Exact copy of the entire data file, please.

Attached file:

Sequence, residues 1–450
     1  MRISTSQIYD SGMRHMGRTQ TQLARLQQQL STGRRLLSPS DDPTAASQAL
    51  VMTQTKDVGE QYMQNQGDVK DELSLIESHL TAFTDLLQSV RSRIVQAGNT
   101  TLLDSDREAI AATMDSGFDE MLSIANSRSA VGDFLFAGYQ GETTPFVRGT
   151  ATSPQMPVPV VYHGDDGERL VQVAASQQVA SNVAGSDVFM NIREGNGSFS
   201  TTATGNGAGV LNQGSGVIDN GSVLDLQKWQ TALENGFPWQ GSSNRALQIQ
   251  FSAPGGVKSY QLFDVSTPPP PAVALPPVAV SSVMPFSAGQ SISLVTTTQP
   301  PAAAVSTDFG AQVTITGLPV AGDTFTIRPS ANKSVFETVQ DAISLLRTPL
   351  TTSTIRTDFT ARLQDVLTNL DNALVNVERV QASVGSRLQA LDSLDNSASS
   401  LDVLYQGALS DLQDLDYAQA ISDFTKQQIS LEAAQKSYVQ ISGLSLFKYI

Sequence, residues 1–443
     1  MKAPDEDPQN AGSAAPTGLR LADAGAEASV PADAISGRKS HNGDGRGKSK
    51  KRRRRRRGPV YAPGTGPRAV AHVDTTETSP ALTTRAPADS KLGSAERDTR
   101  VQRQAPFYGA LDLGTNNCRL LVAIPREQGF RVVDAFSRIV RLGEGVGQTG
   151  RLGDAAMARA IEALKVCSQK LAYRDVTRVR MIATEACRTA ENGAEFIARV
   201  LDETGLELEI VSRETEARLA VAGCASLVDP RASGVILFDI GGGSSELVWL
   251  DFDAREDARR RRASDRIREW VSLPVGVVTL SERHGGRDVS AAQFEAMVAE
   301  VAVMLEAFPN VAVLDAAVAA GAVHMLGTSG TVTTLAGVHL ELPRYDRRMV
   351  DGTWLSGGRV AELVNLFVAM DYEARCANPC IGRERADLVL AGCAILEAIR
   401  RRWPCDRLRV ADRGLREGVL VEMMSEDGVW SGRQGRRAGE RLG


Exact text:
Sequence, residues 1–450
     1  MRISTSQIYD SGMRHMGRTQ TQLARLQQQL STGRRLLSPS DDPTAASQAL
    51  VMTQTKDVGE QYMQNQGDVK DELSLIESHL TAFTDLLQSV RSRIVQAGNT
   101  TLLDSDREAI AATMDSGFDE MLSIANSRSA VGDFLFAGYQ GETTPFVRGT
   151  ATSPQMPVPV VYHGDDGERL VQVAASQQVA SNVAGSDVFM NIREGNGSFS
   201  TTATGNGAGV LNQGSGVIDN GSVLDLQKWQ TALENGFPWQ GSSNRALQIQ
   251  FSAPGGVKSY QLFDVSTPPP PAVALPPVAV SSVMPFSAGQ SISLVTTTQP
   301  PAAAVSTDFG AQVTITGLPV AGDTFTIRPS ANKSVFETVQ DAISLLRTPL
   351  TTSTIRTDFT ARLQDVLTNL DNALVNVERV QASVGSRLQA LDSLDNSASS
   401  LDVLYQGALS DLQDLDYAQA ISDFTKQQIS LEAAQKSYVQ ISGLSLFKYI

Sequence, residues 1–443
     1  MKAPDEDPQN AGSAAPTGLR LADAGAEASV PADAISGRKS HNGDGRGKSK
    51  KRRRRRRGPV YAPGTGPRAV AHVDTTETSP ALTTRAPADS KLGSAERDTR
   101  VQRQAPFYGA LDLGTNNCRL LVAIPREQGF RVVDAFSRIV RLGEGVGQTG
   151  RLGDAAMARA IEALKVCSQK LAYRDVTRVR MIATEACRTA ENGAEFIARV
   201  LDETGLELEI VSRETEARLA VAGCASLVDP RASGVILFDI GGGSSELVWL
   251  DFDAREDARR RRASDRIREW VSLPVGVVTL SERHGGRDVS AAQFEAMVAE
   301  VAVMLEAFPN VAVLDAAVAA GAVHMLGTSG TVTTLAGVHL ELPRYDRRMV
   351  DGTWLSGGRV AELVNLFVAM DYEARCANPC IGRERADLVL AGCAILEAIR
   401  RRWPCDRLRV ADRGLREGVL VEMMSEDGVW SGRQGRRAGE RLG